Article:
• Be a native English speaker
  • Clear criminal record

Read more: What are the Requirements to Teach English Abroad?

Working Visas in Korea:

Most foreigners working at public or private schools qualify for the school-sponsored E-2 visa. The E-2 visa will permit you to teach in South Korea for a year with a single entry. For a fee, you can get your single entry status changed to multiple entries, allowing you the option to travel in and out of the country.

Once all of your documents are completed and you receive your visa confirmation number, you will need to either mail or deliver your passport to your local Korean consulate so it can be stamped with your visa. When you've been cleared, your school will help you obtain a residency permit within 90 days. To learn more about Korean visas, visit VISA HQ.

(Video) *EASY* HOW I BECAME A TEACHER IN SOUTH KOREA | timeline, cost, visa + more

Classroom culture in South Korea

As an ESL teacher abroad, it’s essential that you take the time to research the country’s etiquette and classroom culture, as it can be vastly different from what you’re used to at home! ESL teachers should be respectful and understanding while adapting to a new classroom environment.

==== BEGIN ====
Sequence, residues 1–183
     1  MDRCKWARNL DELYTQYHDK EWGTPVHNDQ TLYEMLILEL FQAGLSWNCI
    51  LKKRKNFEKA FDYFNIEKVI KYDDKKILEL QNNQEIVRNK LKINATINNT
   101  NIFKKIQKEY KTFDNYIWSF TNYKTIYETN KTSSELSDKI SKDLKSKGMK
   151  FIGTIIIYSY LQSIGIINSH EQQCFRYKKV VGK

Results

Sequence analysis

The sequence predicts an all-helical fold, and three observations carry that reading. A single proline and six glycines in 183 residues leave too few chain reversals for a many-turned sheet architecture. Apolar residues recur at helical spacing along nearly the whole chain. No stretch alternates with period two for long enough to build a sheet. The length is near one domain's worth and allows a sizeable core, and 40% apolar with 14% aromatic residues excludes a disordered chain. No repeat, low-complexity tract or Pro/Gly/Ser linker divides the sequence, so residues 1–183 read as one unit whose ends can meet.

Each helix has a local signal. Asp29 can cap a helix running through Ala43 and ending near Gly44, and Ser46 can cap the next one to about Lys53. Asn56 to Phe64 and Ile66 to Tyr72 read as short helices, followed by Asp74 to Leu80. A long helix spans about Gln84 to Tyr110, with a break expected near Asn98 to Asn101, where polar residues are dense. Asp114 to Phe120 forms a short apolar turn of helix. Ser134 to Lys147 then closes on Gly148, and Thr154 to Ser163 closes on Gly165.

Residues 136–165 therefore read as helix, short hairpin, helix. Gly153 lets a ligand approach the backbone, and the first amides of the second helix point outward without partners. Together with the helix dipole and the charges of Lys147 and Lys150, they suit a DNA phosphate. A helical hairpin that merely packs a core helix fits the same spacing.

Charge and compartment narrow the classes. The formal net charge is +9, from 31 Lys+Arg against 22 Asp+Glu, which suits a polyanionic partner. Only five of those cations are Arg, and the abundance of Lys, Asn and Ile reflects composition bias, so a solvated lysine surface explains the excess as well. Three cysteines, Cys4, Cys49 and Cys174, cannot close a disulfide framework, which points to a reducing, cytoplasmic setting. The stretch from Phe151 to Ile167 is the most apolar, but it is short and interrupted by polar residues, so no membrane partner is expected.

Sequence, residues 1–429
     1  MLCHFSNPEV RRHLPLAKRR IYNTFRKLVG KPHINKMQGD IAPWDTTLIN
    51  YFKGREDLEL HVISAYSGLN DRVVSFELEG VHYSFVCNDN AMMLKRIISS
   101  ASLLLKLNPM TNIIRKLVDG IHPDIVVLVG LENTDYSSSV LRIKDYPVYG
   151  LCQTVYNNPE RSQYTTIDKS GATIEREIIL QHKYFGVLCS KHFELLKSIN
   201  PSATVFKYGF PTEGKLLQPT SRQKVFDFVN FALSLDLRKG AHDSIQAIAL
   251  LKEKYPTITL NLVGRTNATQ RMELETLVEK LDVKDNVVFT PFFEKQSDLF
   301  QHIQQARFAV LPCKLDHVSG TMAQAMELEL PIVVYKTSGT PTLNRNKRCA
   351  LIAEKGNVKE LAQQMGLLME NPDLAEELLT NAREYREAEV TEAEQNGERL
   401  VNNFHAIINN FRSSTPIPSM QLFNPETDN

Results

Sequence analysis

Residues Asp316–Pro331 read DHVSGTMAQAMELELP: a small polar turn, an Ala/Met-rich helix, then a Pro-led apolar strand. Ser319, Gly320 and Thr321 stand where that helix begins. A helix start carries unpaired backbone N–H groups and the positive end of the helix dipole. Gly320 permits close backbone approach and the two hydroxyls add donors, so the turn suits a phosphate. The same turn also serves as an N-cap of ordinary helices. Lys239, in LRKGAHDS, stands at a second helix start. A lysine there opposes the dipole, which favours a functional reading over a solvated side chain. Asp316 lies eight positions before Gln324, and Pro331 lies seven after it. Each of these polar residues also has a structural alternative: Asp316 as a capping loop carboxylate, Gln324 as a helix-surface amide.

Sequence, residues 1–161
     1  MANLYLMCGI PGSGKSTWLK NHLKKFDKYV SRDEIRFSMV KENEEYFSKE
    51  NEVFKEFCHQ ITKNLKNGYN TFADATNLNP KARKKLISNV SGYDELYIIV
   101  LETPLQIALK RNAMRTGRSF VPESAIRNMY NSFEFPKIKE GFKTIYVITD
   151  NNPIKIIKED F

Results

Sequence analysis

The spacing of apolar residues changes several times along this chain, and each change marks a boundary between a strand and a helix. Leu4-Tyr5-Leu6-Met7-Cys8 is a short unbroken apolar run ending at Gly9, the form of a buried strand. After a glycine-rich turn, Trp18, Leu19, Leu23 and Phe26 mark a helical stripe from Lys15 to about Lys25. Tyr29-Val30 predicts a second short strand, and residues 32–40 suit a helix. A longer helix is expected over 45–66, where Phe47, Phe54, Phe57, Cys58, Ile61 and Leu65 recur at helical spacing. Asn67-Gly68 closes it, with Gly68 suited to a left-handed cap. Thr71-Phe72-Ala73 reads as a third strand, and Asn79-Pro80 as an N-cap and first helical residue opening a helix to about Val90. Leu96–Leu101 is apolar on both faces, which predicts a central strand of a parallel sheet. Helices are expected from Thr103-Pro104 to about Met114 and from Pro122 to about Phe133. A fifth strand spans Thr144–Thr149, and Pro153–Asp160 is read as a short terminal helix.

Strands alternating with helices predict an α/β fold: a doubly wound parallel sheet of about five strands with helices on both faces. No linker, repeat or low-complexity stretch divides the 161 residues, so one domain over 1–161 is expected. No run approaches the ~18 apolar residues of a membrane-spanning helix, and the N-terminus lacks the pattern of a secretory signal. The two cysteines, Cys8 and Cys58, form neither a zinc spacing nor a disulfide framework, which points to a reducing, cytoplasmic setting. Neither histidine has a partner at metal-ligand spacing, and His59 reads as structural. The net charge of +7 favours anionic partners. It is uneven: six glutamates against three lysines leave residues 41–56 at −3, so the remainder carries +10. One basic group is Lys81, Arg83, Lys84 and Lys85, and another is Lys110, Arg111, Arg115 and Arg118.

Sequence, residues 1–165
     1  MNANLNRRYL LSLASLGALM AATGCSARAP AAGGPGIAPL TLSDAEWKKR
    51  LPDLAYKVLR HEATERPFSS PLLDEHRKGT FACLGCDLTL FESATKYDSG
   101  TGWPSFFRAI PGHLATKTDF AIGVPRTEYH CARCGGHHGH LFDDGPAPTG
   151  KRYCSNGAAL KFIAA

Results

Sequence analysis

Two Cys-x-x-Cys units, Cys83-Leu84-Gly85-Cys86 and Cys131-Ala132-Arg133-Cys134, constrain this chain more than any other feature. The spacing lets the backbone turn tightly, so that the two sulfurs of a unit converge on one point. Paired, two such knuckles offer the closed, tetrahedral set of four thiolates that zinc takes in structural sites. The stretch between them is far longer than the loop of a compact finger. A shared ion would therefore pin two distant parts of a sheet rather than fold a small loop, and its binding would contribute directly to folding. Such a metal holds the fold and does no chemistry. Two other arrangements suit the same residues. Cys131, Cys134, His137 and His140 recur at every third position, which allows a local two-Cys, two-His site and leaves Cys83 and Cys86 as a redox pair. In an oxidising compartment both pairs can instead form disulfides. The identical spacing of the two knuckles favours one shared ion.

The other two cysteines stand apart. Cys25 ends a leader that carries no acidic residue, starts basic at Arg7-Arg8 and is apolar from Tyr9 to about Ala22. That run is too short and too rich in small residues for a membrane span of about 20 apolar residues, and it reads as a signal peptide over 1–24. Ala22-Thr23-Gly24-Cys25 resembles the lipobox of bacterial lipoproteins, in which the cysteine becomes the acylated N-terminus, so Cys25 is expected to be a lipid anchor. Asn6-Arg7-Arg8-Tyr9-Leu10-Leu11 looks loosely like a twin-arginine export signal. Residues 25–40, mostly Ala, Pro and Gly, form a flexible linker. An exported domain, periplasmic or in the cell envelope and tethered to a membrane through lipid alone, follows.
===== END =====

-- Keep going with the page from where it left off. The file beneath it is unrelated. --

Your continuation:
Here are a few important tips to know before teaching English in South Korea:

  • Dress professionally and appropriately! Even if you’re working with children, it’s a good idea to dress modestly. In addition, make sure to cover up any tattoos you have.
  • It's common to nod your head in a slight bow to your superiors to show respect.
  • Expect a lot of questions from your students – it’s not a bad thing! Though they may seem like “personal” questions, it’s out of curiosity and respect; they just want to get to know you more!

When in your new surroundings, observe how others behave to learn about appropriate etiquette. Overall, the importance of respect will make the inevitable learning process more enjoyable. And after a few months, you'll become more accustomed to things you learned upon arrival. In the end, you will come away having learned a great deal from this beautiful country and its people!

Ready to find your dream teaching program in South Korea?

Start researching and comparing teaching programs here at Go Overseas, in the Teaching Programs in South Korea section below.